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This article in CS

  1. Vol. 15 No. 6, p. 867-868
    Received: Jan 5, 1975

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Gray Leaf Spot-Resistant Lupinus Angustifolius L. Germplasm from Plant Exploration in the Western Mediterranean Region1

  1. Ian Forbes,
  2. John S. Gladstones and
  3. Homer D. Wells2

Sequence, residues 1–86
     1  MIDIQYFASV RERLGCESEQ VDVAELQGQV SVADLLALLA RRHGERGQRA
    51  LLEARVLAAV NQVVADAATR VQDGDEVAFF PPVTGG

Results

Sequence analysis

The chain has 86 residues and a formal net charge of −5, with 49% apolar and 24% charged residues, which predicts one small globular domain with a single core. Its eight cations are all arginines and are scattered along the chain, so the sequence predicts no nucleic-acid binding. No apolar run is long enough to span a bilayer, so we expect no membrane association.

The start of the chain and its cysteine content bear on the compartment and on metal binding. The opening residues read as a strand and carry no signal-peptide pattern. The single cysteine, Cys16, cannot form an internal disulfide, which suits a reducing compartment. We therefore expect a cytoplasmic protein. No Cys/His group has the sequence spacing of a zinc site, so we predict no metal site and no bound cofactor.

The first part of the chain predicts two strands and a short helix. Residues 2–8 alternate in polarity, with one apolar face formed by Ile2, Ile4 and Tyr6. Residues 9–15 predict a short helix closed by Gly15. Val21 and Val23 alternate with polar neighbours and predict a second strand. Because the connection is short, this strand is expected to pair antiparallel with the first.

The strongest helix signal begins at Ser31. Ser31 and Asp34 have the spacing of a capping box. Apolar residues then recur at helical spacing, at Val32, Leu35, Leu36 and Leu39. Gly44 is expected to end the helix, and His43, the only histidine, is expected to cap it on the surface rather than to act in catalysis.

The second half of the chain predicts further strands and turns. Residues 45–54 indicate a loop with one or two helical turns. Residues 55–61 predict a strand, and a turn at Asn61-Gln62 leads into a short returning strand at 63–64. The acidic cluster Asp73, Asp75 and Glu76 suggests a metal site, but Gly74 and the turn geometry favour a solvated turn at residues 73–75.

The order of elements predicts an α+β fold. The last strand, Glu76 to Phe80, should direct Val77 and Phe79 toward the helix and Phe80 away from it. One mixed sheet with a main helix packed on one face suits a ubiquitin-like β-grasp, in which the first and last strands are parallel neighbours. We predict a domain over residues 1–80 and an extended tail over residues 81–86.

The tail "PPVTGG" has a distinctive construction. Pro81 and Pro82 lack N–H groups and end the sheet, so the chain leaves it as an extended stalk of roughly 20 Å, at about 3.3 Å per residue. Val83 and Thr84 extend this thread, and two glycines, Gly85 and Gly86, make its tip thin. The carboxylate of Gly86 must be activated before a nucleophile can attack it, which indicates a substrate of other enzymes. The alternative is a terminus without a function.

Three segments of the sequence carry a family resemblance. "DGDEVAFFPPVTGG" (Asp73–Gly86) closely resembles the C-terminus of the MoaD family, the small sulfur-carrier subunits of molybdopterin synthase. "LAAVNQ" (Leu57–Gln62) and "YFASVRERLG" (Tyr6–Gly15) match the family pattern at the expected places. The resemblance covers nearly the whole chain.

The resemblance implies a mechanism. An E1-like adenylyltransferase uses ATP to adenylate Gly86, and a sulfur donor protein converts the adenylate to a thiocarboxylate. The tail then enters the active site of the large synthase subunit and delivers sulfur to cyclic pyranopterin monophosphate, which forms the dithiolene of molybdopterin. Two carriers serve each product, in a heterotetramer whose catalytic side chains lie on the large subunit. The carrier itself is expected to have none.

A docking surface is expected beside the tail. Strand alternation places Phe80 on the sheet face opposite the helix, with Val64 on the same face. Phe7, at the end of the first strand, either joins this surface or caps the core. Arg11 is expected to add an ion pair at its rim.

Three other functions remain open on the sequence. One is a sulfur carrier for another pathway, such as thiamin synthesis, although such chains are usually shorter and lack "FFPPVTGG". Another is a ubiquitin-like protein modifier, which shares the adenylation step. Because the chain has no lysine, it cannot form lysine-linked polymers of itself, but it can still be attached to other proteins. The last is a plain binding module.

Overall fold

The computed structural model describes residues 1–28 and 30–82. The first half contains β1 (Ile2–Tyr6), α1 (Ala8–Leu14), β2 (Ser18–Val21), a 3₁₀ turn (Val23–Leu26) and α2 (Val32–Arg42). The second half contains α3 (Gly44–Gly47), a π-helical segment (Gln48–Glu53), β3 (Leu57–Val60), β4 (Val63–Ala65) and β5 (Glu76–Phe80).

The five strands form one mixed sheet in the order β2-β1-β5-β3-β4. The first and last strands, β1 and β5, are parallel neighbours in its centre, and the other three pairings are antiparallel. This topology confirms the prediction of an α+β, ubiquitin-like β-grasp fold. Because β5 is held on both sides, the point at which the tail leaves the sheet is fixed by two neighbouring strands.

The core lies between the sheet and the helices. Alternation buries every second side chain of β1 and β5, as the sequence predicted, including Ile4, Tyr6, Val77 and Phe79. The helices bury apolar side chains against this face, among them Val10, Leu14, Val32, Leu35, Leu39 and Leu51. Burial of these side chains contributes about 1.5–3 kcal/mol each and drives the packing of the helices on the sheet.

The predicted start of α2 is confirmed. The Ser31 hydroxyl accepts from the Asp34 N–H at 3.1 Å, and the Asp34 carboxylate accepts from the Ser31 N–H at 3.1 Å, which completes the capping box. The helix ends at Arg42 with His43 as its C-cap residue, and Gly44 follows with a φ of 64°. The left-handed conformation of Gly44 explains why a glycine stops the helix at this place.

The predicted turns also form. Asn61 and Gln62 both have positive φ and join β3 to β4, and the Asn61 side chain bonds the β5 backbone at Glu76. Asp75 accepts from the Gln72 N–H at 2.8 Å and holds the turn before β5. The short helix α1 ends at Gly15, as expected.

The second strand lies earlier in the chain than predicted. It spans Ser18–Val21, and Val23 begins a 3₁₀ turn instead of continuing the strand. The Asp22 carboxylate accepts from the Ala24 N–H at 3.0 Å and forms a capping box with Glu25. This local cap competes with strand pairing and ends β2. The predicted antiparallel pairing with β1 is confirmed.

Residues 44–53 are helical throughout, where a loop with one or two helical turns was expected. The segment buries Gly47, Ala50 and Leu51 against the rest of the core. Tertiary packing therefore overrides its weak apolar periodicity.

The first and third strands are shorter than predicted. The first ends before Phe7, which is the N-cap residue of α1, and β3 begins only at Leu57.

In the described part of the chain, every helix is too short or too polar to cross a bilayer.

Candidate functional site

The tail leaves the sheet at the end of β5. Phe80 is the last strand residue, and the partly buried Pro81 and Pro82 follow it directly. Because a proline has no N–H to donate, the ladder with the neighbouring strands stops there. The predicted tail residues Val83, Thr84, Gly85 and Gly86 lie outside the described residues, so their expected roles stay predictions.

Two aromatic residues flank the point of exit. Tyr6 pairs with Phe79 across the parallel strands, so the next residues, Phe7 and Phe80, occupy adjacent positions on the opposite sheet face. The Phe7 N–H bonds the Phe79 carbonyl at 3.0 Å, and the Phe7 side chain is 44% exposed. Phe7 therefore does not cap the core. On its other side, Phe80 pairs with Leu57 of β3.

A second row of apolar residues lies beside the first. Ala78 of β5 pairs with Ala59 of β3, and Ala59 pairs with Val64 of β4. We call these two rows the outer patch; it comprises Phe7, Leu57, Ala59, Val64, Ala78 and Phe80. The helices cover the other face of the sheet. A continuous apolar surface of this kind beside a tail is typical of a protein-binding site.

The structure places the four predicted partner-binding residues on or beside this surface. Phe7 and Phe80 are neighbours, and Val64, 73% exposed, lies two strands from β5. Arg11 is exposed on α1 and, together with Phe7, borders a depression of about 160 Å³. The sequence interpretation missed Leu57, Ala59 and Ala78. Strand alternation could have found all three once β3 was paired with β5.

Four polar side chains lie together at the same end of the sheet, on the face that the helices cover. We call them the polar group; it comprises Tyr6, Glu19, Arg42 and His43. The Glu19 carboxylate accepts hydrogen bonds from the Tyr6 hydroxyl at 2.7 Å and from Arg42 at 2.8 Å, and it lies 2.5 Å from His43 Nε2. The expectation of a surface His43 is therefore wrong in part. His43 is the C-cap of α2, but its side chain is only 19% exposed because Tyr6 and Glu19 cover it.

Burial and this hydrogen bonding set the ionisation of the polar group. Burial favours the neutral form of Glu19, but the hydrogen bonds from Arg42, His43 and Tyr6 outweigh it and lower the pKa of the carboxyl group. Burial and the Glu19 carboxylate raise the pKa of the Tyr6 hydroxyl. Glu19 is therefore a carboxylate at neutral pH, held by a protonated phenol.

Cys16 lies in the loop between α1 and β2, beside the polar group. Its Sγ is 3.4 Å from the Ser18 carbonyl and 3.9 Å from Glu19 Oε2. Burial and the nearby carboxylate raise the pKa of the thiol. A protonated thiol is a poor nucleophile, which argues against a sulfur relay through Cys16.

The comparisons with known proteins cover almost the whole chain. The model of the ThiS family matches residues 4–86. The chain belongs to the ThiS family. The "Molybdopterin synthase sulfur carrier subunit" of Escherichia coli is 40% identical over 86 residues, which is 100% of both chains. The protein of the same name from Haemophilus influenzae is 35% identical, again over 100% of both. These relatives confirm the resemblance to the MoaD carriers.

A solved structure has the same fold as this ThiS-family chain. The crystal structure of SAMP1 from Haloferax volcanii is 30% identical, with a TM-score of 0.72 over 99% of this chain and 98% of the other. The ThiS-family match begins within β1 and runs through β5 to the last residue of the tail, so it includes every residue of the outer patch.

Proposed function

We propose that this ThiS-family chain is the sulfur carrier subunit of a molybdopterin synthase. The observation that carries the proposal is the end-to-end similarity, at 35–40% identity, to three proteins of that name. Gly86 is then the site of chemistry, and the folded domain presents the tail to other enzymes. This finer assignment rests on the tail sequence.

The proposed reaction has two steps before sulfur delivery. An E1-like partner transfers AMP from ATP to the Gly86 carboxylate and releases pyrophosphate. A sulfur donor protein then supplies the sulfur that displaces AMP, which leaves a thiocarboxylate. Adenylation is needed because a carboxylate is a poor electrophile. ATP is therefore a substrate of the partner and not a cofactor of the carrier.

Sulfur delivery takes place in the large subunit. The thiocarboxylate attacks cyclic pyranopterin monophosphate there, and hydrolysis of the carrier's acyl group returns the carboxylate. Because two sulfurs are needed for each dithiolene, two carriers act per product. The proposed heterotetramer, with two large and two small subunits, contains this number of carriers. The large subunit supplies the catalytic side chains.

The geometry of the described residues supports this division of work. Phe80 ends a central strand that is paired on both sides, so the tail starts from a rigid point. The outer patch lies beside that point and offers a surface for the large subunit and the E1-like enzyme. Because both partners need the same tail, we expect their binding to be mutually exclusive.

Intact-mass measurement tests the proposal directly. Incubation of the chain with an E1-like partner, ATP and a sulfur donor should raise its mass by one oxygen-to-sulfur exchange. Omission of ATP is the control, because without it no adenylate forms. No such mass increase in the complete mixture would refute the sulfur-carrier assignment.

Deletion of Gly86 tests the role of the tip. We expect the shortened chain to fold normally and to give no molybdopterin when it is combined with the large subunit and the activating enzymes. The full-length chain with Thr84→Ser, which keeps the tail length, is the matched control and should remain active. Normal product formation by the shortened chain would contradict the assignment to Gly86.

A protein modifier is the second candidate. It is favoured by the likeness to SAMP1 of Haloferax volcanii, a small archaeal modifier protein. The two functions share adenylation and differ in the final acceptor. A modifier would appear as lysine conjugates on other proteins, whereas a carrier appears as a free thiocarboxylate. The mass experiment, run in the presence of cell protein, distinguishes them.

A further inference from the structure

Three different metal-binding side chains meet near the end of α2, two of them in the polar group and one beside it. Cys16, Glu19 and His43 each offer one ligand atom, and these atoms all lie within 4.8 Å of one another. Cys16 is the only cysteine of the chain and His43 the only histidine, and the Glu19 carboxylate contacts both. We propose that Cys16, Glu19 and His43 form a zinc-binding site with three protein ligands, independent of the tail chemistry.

During a plant exploration in the western Mediterranean region in 1973, seeds of wild blue lupine (Lupinus angustifolius L.) ecotypes were collected from 126 sites to increase the amount of germplasm available for blue lupine crop breeding in the United States and Western Australia. These ecotypes were tested for gray leaf spot reactions by artificial inoculation with mixed inoculum from Stemphylium solani Weber and S. botryosum Wallr. in the greenhouse. High percentages of the wild ecotypes from Morocco—81.8%, Spain—70.8%, and Portugal—66.7% were resistant. These data and other reports of resistant wild ecotypes from Portugal, Spain, and Palestine indicate that resistance is widespread and prevalent among wild ecotypes in the Mediterranean basin, which comprises L. angustifolius' natural range. The Stemphylium species that cause gray leaf spot occur in the Mediterranean region and are probably active in preserving host genes for resistance. One ecotype from Morocco gave a previously unknown, intermediate (I-type) flecklike reaction when inoculated. This reaction differs from the immune reaction conditioned by the known gl1 and gl2 host genes. The identity, country of origin, and disease reaction of each ecotype are listed.

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